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History Charlie Wiggins

Discussion in 'The Hokey Ass Message Board' started by Ryan, Jan 17, 2011.

  1. duste01
    Joined: Nov 5, 2006
    Posts: 1,213

    duste01
    Member

    hats off to Charlie and you for remembering him and sharing the story to keep us thinking about "Stuff".....
     
  2. autobilly
    Joined: May 23, 2007
    Posts: 3,094

    autobilly
    Member

    Who's heard of a man called Charlie Wiggins? Without his racist hurdles and barriers who wouldn't have heard of him! A fitting tribute on this day and on this site to tell the career storey of this unsung automotive hero.
     
  3. well said!
     
  4. Slim Pickens
    Joined: Dec 15, 2008
    Posts: 3,348

    Slim Pickens
    Member

    Wow, and Thanks Ryan. Very inspirational story. Slim
     
  5. gnichols
    Joined: Mar 6, 2008
    Posts: 10,678

    gnichols
    Member
    from Tampa, FL

    Stone, Woods & Cook were my one of my favorite teams from high school days. Gary.
     
  6. Once again this Old Fart has learned something new. It happens alot for me here on the HAMB.

    In a previous post someone mentioned the Trotters Car Club from Dayton, Ohio. Here's a couple shots of their Lyndwood dragaster driven by Charles Bryant.
     

    Attached Files:

  7. catdad49
    Joined: Sep 25, 2005
    Posts: 4,082

    catdad49
    Member

    Great post! Thanks,Ryan
     
  8. jjsound
    Joined: May 27, 2008
    Posts: 388

    jjsound
    Member

    That is a very good story indeed! I agree that it is upsetting to think of the kind of things that have gone on in this country's past. No person should ever have to endure that kind of hardship. I often find myself dwelling on upsetting matters like this one but try to remind myself that we need to learn from these things and look and move forward to make life great for everyone.

    I'm not a racing fan really but stories like this whether about racing, sports, or general acceptance are truly inspiring. Makes me feel like a jackass for not getting out and doing more with life and often taking for granted how good we really have it.
     
  9. ThirdGen
    Joined: Nov 29, 2008
    Posts: 452

    ThirdGen
    Member
    from Wales, ME

    Thanks for that story Ryan. Very nicely written, and nice to now know that piece of history.
     
  10. Asphalt Outlaw Hero
    Joined: Dec 9, 2006
    Posts: 969

    Asphalt Outlaw Hero
    Member
    from Dixie

    Nice post.I grew up in the south and remember the prejudice when tracks were integrated.After a while it was racing as usual.
    I could never understand why cars weren't number one to people.Everything else should have fallen in place.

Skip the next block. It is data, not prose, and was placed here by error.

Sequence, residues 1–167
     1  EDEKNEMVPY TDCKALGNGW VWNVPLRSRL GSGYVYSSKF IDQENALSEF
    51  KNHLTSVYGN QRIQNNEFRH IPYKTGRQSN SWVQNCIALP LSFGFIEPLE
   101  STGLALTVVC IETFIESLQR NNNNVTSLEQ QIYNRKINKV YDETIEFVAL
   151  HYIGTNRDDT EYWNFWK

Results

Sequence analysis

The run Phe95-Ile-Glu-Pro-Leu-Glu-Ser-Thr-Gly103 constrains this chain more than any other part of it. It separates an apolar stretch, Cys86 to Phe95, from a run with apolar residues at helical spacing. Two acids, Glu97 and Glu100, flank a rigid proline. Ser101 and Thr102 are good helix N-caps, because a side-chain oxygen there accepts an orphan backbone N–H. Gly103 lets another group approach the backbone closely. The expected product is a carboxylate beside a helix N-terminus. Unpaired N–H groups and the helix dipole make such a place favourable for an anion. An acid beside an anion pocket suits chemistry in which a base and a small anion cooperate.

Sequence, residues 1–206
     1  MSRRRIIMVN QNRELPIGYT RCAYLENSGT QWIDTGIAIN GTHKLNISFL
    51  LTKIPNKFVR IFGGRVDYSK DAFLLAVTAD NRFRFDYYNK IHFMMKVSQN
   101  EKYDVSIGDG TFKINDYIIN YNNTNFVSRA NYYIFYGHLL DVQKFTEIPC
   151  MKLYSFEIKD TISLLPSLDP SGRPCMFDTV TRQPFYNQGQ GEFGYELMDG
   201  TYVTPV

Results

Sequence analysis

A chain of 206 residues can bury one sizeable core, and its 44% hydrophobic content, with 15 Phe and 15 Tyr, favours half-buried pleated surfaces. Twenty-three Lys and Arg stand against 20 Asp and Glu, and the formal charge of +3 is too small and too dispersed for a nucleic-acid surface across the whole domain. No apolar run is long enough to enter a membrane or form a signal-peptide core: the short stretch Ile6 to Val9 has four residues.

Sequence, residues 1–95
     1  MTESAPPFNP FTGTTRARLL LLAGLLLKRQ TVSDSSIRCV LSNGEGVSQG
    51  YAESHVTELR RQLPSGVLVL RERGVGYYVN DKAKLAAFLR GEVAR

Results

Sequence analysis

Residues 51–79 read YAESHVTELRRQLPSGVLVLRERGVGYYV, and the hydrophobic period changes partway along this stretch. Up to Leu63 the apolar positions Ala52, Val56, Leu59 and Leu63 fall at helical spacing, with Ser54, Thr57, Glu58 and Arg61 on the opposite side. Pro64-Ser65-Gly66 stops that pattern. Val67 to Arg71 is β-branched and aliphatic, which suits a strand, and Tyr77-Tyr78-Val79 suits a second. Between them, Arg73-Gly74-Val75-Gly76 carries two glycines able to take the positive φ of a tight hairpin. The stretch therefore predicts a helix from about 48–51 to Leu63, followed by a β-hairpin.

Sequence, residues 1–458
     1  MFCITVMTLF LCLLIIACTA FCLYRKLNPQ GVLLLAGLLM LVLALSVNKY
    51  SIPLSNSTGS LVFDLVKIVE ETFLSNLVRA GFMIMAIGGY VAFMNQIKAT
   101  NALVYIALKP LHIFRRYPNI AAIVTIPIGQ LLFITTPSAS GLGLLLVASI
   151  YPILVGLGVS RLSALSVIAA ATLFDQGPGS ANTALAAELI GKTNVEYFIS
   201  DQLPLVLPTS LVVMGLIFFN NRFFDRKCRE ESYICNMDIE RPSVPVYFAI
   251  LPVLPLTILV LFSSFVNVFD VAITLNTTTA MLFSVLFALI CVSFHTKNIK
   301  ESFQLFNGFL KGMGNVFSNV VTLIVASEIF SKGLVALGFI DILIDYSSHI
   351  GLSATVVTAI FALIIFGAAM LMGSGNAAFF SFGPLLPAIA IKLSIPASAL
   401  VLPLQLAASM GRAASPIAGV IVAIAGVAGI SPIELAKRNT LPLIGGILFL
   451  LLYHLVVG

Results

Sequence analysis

11. Thanks for posting this. People like Charlie Wiggins are an inspiration...
     
  12. BrerHair
    Joined: Jan 30, 2007
    Posts: 4,373

    BrerHair
    ALLIANCE MEMBER

    Great stuff, Ryan. Perseverence in the face of adversity. True character.
     
  13. jgang
    Joined: Feb 22, 2009
    Posts: 238

    jgang
    Member
    from hamburg ny

    great post, thanks ryan. i will have to share this with my history class tomorrow.
     
  14. Gaters
    Joined: Dec 29, 2007
    Posts: 564

    Gaters
    Member

    Great story about an inspirational American.
     
  15. ChadMartin11
    Joined: Nov 16, 2010
    Posts: 36

    ChadMartin11
    Member
    from NC

    Great story. Thank you
     
  16. Kume
    Joined: Jan 23, 2010
    Posts: 859

    Kume
    Member

    Great stuff, thanks for sharing. In his autobiography, John Gerber mentions a bloke called 'Doc White' racing against him in a dodge in the mid 1920s. I guess the north was a different ball game in the 20s . Would love more info on Doc and his dodge.
     
  17. Hero - Great article.
     
  18. sophisto79
    Joined: Apr 21, 2010
    Posts: 184

    sophisto79
    Member

    Thank you Ryan,

    This history reminds us all that beyond the cars, beyond the culture, there are great men and women that challenge adversity and injustice driven by their courage and their passion.

    I was reminded of a TRJ article on Japanese American Hot Rodders. I'm half Asian American, so this intrigued me. But what inspired me was the idea that even with the ignorance and paranoia that lead to internment and the specter of racism ingrained in American society, on the lakes, they were all hot rodders.

    That's why I love it here...through it all, we're all hot rodders (oh yeah, those kustom guys/gals are ok too!).

    Phil